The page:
Friday, 23 October 2009

A Few Words With JINSANG LEE, 1st Prizewinner of the Hong Kong International Piano Competition 2008


When meeting Jinsang Lee, the Korean pianist who was the winner of the Hong Kong International Piano Competition 2008, one is immediately struck by his youthful appearance. Although he is 28, he looks no more than a teenager fresh out of high school. Sporting a stud on his left ear, he is already a veteran of many international piano competitions, the latest scalp being the Geza Anda International Piano Competition in Zurich, Switzerland in the most recent summer.
Jinsang with his mother & sister in Hong Kong.

Growing up in Korea

Jinsang was born in Seoul in 1981, where his father was an architect and mother a professional table-tennis player and coach. He began piano lessons at the age of seven, after he was found imitating the tunes his elder sister Jin Ah was already playing. Both siblings were then brought to audition for a local piano teacher. Jinsang was accepted but his sister was not. Jin Ah, who was two years older, later became a Chinese language teacher. Jinsang remembered his years in Middle School being very unexceptional. “I was a very mediocre student”, he admitted.

All this changed when he came under the wing of well-known teacher Kim Daejin (left), a former winner of the Cleveland International Piano Competition, who tutored him for nine years from high school through to the Korean National University of the Arts. He was a very demanding teacher who made students cry. Under Kim, he developed a great love for the music of Frederic Chopin, besides being well schooled in the classics and Romantics. “The music I love to play now date from Mozart to Brahms,” he added.

Studies in Germany

After graduation, Jinsang pursued postgraduate studies in Germany, first in Nuremberg under Wolfgang Manz and Julia Goldstein, and later in Cologne under Pavel Gililov (left). Jinsang describes Gililov, the Russian pianist who has partnered Mischa Maisky and Dmitri Sitkovetsky on CD, as “very gentle and inspiring”. Once Jinsang played a work for him in a very mechanical manner, and Gililov paused and without raising his voice said, “I know that you are a very warm and musical person, so let’s hear that from you.” Immediately Jinsang started playing much better.

The Hochschule in Cologne where Jinsang now studies was founded in 1850 by one Ferdinand Hiller (1811-1885), and that was the basis of his recent recital Chopin, Mendelssohn and Hiller: Making Music Among Friends and recordings, which juxtaposed the piano music of three pianist-composer friends. It was this inspired idea of Dr Andrew Freris, President of The Chopin Society of Hong Kong, which led Jinsang into the library and archives of the conservatory for study and research. His recording, CD and DVD of the “live” performance on 13 October will be issued on the Alpha Omega Sound label in 2010.

International Piano Competitions

The first international competition where Jinsang made his mark was in Sendai, Japan in 2001. He won second prize in the concerto competition performing Rachmaninov’s Second Piano Concerto, and was almost overawed by the company he was in. “Giuseppe Andaloro won the 1st prize, and Yuja Wang the 3rd prize. The other finalists included Roberto Plano and Amir Tebenikhin,” he beamed, “They’re all big names in the piano world now!”
Jinsang is almost shocked to learn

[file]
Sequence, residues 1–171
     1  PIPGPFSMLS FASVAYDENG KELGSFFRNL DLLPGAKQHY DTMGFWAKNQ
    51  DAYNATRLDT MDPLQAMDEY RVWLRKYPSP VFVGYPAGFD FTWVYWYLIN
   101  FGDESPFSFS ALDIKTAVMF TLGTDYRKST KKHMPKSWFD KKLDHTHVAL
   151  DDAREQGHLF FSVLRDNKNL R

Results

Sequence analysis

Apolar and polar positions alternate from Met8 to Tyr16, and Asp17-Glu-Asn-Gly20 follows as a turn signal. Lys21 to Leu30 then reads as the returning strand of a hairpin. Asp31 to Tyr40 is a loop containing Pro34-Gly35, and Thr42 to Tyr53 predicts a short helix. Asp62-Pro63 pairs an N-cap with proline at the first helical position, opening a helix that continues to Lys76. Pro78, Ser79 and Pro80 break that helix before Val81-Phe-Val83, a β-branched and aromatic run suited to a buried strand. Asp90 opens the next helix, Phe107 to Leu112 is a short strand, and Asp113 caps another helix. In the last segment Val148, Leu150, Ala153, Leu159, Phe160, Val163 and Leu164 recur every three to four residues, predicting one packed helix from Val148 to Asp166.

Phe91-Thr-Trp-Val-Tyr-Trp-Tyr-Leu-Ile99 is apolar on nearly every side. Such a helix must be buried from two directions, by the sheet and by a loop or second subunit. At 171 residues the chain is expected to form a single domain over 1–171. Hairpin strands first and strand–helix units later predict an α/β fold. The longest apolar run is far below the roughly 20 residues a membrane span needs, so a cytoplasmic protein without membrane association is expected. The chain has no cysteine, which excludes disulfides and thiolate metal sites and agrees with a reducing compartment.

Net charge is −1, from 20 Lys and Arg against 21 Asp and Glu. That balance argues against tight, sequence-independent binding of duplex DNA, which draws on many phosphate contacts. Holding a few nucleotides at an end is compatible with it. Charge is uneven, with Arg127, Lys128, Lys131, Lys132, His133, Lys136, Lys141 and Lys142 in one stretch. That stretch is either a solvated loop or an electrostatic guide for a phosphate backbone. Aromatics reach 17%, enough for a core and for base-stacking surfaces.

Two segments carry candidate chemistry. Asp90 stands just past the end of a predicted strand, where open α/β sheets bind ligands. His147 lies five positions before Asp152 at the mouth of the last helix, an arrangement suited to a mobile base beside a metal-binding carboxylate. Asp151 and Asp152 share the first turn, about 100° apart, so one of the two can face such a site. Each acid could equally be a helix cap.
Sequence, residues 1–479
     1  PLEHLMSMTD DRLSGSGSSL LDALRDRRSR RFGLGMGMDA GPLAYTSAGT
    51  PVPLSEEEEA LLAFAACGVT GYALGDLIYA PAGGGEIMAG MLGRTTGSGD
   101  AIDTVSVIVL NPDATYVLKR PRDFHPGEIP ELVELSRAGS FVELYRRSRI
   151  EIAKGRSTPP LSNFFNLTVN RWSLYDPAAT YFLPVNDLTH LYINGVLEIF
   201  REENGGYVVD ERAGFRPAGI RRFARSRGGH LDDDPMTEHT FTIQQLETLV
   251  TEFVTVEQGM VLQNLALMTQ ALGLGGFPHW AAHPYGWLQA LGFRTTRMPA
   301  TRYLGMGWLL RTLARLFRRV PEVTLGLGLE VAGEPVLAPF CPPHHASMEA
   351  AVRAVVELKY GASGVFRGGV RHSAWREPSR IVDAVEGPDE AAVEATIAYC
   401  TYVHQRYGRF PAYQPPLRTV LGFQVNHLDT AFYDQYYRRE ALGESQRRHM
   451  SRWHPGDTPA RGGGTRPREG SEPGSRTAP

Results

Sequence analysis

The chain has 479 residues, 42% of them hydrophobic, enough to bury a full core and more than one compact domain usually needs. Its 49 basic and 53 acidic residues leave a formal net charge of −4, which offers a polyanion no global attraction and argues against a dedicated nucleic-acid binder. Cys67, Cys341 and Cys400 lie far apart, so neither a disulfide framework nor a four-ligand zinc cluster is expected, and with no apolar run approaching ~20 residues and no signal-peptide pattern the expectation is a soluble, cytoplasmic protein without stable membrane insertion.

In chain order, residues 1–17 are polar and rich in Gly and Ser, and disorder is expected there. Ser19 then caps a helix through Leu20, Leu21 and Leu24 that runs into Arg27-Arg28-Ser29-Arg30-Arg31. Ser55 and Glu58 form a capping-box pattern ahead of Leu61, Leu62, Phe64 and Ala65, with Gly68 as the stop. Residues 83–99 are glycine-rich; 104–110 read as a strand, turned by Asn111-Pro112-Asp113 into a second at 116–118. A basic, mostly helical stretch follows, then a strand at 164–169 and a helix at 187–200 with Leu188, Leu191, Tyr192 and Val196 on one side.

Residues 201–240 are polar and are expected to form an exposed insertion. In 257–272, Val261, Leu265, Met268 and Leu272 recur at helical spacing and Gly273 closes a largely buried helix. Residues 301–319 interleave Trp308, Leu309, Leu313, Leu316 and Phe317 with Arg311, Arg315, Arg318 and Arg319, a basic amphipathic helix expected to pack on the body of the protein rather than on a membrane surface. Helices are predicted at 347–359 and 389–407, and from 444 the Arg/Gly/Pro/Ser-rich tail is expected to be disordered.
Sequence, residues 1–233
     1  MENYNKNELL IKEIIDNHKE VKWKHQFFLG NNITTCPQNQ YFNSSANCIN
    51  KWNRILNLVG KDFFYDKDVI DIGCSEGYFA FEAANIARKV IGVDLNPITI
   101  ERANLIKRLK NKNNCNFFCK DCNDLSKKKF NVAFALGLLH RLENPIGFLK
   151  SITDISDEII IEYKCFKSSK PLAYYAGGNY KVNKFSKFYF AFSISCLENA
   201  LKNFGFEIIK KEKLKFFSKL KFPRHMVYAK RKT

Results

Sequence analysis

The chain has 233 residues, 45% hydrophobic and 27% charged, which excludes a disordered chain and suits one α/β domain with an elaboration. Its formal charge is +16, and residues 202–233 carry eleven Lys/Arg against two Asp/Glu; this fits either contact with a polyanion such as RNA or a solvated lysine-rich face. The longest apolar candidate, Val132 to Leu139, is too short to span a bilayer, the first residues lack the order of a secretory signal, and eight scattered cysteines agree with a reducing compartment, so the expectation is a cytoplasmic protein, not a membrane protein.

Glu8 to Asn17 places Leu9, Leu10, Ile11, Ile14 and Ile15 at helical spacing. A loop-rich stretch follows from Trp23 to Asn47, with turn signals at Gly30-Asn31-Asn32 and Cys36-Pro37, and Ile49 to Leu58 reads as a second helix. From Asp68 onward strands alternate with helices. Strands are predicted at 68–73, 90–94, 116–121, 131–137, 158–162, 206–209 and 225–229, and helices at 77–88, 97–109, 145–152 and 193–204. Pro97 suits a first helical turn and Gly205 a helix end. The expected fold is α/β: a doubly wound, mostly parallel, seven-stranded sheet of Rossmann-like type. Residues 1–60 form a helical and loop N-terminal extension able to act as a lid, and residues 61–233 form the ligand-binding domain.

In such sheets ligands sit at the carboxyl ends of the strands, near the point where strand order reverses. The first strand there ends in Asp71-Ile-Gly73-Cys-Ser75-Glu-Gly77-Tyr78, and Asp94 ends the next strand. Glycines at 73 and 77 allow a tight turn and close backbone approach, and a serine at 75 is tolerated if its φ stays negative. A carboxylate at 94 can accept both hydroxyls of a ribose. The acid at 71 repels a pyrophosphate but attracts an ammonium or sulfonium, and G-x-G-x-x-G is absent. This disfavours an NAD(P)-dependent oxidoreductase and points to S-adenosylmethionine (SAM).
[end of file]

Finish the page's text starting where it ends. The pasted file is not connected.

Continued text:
he's been named 1st prizewinner
in Hong Kong (October 2008).

After winning in Cologne, the 2008 Hong Kong International Piano Competition landed on his plate. A very demanding 2nd round saw him performing set pieces by Shostakovich, Sibelius and Albeniz, together with Beethoven’s Sonata Op.110 and Chopin’s Ballade No.4. In the finals, he performed Mozart’s Piano Concerto No.17 (K.453) and Rachmaninov’s Piano Concerto No.2 with hardly a break in between, winning him the coveted 1st prize. When Vladimir Ashkenazy indicated that the standard of the competition had risen, he was most likely referring to Jinsang’s performances. Part of the prize was a concert under Ashkenazy’s baton in Shanghai a few days later.

At the Geza Anda International Piano Comeptition, he was the audience favourite from the outset, and won several special prizes (Audience Prize & Schumann Prize) and the 1st prize playing Brahms’ Piano Concerto No.1. His younger compatriot Sunwook Kim (left) had won the Leeds playing the same concerto, and Jinsang was humble enough to seek his counsel. “Do not fight with the orchestra, but be one with them, as if you were part of a symphony,” was his advice. Although Jinsang played some wrong notes in the first movement, no one seemed to care too much. Musical expression rather than note-for-note perfection had won the day.

New repertoire and the future

Although Romantic music figures most in Jinsang’s concerts, he hopes to widen his repertoire. Albeniz’s Iberia (of which Triana, a compulsory piece in Hong Kong, is one of 12 pieces) is one of his targets, and the music of 20th century Korean composer Isang Yun (left). “Yun was born in what is North Korea today. He became very famous in Germany and the West, but was hardly known in his native Korea. He tried for many years to return to North Korea, but was denied by the authorities. When they finally granted him permission, he had unfortunately died,” Jinsang explained. Jinsang also hope to programme an entire recital on the theme of Nostalgia, about people living away from their homeland and how that affects their lives.

While regularly returning to his homeland, Jinsang hopes to continue living and performing in Europe. Given his exposure following the competitions and the great eloquence with which his music speaks to his audience, is likely to have a successful career ahead of him.

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